“Whoever used [a] metaphor first wrote something fresh, but with overuse it became familiar–and stale” (80).
So perhaps the goal should be to write something so original it becomes a cliché for future writers, leaving them to scramble for something new.
“Reject clichés and first-level creativity.”
“Using clichés, [George Orwell] argues, is a substitute for thinking, a form of automatic writing” (80).
Clark offers several suggestions for coming up with new ideas.
1. Stop. Take a deep breath.
2. “Jot down an old phrase on a piece of paper” (81).
3. Scribble alternatives (81).
Personally, I love a good cliché. I find them delightful, because I have seen them before, and I think them funny–especially clichés claimed by a specific culture. They give the culture phrases all their own, sections of words that belong to them.
At first, they are new to me as I get to know the culture, but over time, they become like Christmas tree ornaments, old, and beaten, hanging sporadically from every conversation. They smell of the culture, and their age places them in the category of . . . pure treasure.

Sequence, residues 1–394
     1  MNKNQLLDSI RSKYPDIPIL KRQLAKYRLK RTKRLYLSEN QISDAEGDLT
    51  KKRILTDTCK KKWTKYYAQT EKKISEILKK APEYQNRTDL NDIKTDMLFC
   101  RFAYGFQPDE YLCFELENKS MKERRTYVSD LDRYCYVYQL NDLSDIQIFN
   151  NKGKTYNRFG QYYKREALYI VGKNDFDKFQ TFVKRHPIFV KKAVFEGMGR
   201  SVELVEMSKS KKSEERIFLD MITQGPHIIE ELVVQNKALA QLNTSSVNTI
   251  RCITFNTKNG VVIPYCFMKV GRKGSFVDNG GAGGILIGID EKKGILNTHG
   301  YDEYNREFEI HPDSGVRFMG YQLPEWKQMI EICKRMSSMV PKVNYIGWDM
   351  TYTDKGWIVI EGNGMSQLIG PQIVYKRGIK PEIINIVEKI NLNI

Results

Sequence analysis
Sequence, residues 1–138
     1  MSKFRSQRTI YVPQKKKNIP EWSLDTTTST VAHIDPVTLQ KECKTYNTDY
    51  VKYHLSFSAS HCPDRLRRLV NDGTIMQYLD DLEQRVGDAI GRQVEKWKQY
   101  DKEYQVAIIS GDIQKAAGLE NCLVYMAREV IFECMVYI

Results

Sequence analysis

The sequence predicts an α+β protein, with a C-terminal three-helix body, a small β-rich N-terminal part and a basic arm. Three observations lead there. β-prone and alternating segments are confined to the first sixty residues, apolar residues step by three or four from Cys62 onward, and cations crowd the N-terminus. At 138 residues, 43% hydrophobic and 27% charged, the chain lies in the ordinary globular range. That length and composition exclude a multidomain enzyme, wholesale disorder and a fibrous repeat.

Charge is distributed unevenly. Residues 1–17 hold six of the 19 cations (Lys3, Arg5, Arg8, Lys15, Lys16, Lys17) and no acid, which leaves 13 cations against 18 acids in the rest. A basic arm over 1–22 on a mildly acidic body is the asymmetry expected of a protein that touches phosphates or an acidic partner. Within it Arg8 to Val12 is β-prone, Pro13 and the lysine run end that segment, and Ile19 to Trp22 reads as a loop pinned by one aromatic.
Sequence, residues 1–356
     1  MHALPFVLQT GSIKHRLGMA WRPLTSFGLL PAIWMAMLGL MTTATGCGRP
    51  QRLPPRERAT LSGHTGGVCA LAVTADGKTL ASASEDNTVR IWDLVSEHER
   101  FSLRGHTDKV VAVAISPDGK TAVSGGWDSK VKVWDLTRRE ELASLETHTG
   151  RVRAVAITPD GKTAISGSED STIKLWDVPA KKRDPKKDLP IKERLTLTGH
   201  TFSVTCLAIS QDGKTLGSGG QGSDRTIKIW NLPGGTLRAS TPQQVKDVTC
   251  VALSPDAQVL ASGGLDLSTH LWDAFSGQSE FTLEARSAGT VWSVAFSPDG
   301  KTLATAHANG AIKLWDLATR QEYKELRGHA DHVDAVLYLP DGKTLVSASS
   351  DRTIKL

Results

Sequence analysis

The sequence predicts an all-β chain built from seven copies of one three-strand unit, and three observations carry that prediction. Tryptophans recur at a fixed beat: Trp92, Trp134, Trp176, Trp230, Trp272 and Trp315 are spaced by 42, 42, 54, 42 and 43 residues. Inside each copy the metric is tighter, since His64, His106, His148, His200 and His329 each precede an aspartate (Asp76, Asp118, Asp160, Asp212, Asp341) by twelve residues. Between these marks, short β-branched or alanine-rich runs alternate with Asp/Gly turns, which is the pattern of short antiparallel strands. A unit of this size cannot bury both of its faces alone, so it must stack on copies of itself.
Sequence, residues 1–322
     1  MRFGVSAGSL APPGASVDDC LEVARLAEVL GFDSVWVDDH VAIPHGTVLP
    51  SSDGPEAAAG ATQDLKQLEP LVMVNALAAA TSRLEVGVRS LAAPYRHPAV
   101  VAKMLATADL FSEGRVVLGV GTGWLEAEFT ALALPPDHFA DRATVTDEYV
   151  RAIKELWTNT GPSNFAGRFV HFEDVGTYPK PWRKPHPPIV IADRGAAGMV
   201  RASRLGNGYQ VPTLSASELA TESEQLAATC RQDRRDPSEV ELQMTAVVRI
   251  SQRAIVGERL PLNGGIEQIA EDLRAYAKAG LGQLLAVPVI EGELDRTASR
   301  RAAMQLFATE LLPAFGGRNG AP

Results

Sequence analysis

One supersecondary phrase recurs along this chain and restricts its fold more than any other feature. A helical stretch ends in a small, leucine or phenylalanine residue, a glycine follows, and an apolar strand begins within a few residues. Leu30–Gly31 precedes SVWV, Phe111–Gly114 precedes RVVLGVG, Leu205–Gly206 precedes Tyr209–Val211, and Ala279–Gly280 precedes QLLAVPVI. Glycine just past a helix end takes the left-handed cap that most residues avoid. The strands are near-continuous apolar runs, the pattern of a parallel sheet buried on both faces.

Yet I think I can understand Clark’s opinion. Anything overused is exactly that. Overused.
Beginning writers be warned–we struggle with the even more deadly cliché of language, where “victims are always innocent, bureaucrats are lazy, politicians are corrupt, it’s lonely at the top, the suburbs are boring” (82).
This is the first level of creativity where writers think “they are clever” (82), but it is a “dramatic or humorous place any writer can reach with minimal effort” (82). First level creativity makes a great story–because it is a story that has been heard before, but if we want it read, we are going to have to think of something new and very un-cliche.
In the end, if push comes to shove, leave the first cliché that comes to mind alone, and stick to straight writing.